I have tried to use rotary encoders - the scroll wheel from a mouse, but hey are mechanical and as any mechanical switch they bounce and desperately need debouncing. They are made for very slow speeds, as wheel encoders, they will lose counts. So the only way out will be: use a laser printer to print the pattern so you have sharp edges and use a Schmidt trigger IC. Better yet, use a dedicated encoder counter, that one has everything integrated.

For now, I am going to use just one channel counts for both edges and keep track of direction in software. I might use a pin change interrupt for the second channel that will quadruple the encoder counts from 141 to 564 clicks/rotation. I have added PinChange interrupt to my Arduino interrupts library, if you need it, I'll post it for you.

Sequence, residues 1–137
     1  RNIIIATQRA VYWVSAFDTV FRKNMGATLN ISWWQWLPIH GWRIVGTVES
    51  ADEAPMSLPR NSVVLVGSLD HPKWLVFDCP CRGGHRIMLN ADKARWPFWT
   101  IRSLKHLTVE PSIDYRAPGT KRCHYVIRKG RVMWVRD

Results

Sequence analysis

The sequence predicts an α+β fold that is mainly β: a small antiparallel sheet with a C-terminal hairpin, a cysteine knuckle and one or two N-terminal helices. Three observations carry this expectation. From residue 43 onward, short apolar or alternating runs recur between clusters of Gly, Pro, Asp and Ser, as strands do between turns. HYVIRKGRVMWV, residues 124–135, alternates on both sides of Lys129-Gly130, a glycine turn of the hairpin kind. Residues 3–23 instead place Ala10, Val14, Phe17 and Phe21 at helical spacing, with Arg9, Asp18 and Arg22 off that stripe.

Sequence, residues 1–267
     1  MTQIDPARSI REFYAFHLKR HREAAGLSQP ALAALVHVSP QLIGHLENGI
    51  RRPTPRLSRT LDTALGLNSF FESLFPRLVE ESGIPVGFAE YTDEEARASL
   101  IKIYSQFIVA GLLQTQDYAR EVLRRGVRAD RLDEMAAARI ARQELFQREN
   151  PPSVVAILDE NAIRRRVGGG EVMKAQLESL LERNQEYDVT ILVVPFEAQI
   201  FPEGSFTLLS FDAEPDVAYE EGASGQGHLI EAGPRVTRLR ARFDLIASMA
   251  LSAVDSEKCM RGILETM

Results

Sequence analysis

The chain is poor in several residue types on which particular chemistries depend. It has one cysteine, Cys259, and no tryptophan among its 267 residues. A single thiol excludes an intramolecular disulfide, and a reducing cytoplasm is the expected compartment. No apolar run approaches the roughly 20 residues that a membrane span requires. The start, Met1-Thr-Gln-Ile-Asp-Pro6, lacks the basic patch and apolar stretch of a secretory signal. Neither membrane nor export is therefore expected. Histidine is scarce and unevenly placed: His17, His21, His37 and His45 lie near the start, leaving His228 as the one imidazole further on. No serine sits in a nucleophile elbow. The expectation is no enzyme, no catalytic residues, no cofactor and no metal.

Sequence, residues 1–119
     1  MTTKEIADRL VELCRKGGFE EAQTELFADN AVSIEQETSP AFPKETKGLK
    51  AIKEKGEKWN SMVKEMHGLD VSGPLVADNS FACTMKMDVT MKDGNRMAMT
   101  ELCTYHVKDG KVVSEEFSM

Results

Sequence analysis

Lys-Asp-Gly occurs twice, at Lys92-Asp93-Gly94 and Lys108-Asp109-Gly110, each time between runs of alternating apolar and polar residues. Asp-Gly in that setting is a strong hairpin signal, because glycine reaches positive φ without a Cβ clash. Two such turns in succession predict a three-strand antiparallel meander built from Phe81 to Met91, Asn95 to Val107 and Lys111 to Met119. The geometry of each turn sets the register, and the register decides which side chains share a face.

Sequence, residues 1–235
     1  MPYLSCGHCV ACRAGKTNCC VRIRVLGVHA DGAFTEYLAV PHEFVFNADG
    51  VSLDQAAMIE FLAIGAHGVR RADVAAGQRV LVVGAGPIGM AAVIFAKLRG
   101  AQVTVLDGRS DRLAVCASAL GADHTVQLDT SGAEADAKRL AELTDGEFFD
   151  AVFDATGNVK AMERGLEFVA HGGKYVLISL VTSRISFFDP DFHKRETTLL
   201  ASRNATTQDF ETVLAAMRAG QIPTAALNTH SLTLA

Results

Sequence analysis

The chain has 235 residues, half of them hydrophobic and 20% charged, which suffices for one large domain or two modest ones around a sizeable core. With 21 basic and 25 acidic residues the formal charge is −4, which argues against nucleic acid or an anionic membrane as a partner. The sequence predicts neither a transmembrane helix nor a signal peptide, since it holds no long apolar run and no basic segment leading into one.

However I'm not sure that rotary encoders are necessarily machanical. I have seen some that seem to be optical and some of them we even quite cheap. Even cheaper than this Hammamatsu sensor you mentioned.

A few seemingly optical encoders I've been looking at:






Besides even the motors you're using are cheaper than this Hammamatsu sensor. So that is definately a last option.

And off course I'd be VERY interested in peeking your code a bit :D

PS: Any advice on which kind of Schmidt trigger IC to buy? And how to hook it up?

Since you are using servos, here is a thought I had a couple years back (I also wrote this in another thread):

  •  replace the pot in the servo with a rotary encoder (unfortunatelly the pot shaft has 5mm dia and most encoders have 6mm shaft...)
  • replace the electronics with a custom board that uses a tiny45(or 85) and a single H-bridge (FAN8082 for example)
  • use I2C for communication

I looked at the encoders you listed, the one before last has a variant with 5mm shaft, but has only 16 clicks/rotation; the last one has 6mm shaft, but has 128 clicks/rotation. Now if this one had a 5mm shaft I would get a couple for my servos...